Oct 14, 2009 - 12:00am
Policy action, not exemptions, are needed to ensure Australian agriculture responsibly manages the risks of climate change and maximises possible returns, the independent Climate Institute said today with the release of a discussion paper on agriculture and climate policy.
The paper - Towards Climate-Friendly Farming - outlines the case for stronger climate action in agriculture, including new income and development opportunities in rural Australia, and policy proposals to enable the rural sector to do its fair share in reducing emissions.
“Australia’s primary producers are on the front line of climate change which the science shows is driving more frequent and intense droughts, and will, without early action, all but wipe out our major food bowls by the end of the century,” said Mark Wootton, owner of Jigsaw farms in Hamilton, Victoria, and is Chair of The Climate Institute.
“Prudent risk management means preparing farmers for both the impacts of climate change and for their inevitable exposure to climate policies – whether that’s emissions trading, or some alternative such as a levy or regulation, or a mix of these.”
Australian agriculture is directly responsible for 15% of national emissions. That’s significantly more than the contribution of the US, European or Canadian farm sectors to their emissions load - 7%, 9% and 10% respectively. When land clearing and poor management of savannah burning are counted, Australian agriculture’s part jumps to over 25%.
While agriculture is a major source of emissions, landholders are, potentially, a big part of the solution to climate change. The opportunity for new, more stable sources of farm income from carbon sequestration is enormous, in the right policy environment.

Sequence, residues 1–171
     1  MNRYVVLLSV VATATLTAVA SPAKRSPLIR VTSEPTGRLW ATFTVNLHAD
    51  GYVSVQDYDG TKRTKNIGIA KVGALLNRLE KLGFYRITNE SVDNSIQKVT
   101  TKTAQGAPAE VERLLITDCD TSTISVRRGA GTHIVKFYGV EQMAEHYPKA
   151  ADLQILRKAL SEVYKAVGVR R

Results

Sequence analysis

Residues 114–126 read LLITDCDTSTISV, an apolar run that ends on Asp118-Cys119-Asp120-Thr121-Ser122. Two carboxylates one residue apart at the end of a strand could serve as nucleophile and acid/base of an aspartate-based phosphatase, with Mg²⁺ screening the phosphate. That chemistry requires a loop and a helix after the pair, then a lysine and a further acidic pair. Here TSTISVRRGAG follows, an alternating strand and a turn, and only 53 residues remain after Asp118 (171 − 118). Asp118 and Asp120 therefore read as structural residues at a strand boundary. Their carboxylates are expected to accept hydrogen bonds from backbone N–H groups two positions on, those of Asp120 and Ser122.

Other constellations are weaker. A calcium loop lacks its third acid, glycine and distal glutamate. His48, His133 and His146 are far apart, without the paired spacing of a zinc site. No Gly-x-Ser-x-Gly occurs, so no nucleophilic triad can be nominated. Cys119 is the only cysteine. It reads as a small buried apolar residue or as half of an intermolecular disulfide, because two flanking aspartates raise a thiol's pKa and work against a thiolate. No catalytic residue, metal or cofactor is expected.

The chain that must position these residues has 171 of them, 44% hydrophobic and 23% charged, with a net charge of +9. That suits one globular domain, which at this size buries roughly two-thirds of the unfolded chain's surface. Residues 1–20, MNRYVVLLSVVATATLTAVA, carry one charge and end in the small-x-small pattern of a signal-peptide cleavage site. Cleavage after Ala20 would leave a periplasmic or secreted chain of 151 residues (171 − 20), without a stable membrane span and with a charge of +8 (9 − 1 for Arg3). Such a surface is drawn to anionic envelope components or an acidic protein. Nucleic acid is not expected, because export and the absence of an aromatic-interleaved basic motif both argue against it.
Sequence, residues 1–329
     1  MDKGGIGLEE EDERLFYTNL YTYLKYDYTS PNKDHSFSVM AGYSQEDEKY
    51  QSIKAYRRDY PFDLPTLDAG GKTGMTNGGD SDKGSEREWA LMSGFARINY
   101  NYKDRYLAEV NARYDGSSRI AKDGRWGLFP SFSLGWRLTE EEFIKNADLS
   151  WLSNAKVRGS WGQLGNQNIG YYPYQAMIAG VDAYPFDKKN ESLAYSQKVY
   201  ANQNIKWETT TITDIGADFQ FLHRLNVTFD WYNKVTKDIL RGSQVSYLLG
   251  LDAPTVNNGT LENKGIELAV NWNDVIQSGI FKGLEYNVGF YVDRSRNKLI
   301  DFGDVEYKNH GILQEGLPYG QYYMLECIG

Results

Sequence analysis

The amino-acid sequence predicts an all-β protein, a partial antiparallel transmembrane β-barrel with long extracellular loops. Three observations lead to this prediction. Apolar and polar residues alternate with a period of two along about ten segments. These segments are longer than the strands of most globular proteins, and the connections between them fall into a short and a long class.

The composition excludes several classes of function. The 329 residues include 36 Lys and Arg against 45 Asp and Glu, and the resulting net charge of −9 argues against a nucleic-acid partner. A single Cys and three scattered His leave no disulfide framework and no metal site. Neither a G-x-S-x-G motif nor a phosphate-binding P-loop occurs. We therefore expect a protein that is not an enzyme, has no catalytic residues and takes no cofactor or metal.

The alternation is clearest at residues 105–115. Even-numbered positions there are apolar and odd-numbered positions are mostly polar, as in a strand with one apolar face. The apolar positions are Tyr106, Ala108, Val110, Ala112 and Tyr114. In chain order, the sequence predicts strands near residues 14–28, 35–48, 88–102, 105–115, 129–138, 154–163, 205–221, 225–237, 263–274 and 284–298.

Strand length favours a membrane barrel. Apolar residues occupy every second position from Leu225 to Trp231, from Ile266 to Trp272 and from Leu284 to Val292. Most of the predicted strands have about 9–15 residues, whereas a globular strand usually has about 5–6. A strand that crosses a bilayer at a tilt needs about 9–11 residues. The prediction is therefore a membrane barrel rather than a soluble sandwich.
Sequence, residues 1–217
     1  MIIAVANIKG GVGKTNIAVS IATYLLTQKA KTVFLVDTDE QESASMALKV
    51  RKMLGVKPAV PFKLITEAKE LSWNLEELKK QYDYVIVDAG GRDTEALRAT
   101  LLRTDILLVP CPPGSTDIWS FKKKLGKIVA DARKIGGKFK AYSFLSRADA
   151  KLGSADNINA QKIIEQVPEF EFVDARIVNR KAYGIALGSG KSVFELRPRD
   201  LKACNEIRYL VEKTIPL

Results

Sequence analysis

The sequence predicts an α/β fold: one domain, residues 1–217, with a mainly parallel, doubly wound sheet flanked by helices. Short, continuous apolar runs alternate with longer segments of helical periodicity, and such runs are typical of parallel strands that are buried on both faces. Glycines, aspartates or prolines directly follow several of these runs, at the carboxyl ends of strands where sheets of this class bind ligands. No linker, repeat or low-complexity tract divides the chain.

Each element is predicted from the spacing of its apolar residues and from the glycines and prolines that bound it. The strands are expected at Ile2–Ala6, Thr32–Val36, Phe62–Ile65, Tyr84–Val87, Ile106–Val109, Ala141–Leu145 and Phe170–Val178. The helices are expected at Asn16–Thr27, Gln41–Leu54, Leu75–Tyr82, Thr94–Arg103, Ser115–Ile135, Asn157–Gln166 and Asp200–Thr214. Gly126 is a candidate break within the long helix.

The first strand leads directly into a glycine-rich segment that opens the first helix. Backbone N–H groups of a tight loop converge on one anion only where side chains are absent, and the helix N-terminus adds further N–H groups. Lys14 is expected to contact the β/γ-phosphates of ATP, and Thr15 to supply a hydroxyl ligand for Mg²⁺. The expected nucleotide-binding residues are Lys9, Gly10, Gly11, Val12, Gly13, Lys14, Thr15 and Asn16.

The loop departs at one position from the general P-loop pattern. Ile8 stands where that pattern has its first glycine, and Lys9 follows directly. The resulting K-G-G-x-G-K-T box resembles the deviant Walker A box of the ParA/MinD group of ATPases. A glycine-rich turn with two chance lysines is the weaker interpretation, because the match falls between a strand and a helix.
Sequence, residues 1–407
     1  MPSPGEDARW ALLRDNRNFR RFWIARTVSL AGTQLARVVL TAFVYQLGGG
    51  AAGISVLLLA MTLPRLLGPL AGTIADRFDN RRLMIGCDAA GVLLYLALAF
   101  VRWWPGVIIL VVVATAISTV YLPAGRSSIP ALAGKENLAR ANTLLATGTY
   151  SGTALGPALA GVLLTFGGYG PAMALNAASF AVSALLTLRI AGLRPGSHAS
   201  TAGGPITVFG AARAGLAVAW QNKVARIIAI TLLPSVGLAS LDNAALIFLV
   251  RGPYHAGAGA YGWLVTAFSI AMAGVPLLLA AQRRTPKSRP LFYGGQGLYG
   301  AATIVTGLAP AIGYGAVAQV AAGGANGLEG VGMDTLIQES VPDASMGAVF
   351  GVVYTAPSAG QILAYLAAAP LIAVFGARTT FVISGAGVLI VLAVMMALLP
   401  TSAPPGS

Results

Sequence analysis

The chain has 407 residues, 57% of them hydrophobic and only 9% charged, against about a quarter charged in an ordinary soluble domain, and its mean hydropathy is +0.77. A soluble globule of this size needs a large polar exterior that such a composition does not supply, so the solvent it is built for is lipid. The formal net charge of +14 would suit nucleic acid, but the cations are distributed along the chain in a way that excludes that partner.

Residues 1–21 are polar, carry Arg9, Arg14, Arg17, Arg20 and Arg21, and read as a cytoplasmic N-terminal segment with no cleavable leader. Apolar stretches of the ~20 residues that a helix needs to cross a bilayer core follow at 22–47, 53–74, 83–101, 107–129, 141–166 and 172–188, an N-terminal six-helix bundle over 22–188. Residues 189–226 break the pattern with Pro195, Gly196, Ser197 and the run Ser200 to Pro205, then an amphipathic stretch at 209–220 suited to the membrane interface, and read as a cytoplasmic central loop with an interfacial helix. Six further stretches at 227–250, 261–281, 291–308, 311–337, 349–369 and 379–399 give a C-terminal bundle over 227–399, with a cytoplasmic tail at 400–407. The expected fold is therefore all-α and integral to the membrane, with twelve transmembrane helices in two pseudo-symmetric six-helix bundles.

“Ignoring farm emissions while demanding reductions from others is economically unsustainable and puts an unfair burden on other sectors to work even harder. Unnecessary delay makes adaption and mitigation harder for Australian farmers down the track,” Mr Wootton said.
Towards Climate-Friendly Farming makes several proposals, chief among which are:
- From 2011, a new national Decade of Climate-Friendly Farming program and strategy, complete with resource support for farmers and time-bound targets for action.
- An amendment to the CPRS legislation to extend current “green carbon” forestry provisions and allow landholders to be rewarded for any credible, measurable and internationally compliant sequestration activity; while ensuring land clearing is properly regulated and priced, and carbon forestry benefits landscapes.
- No later than 2013, the introduction of a package of measures – either emissions trading, alternative measures such as levies and regulations, or some mix of these - to send strong and clear price signals to agriculture to invest and innovate, and contribute its fair share to national emissions targets.
Submissions to the discussion paper close on 13 of November 2009.
Read the agricultural discussion paper Towards Climate-Friendly Farming
Read the policy briefing paper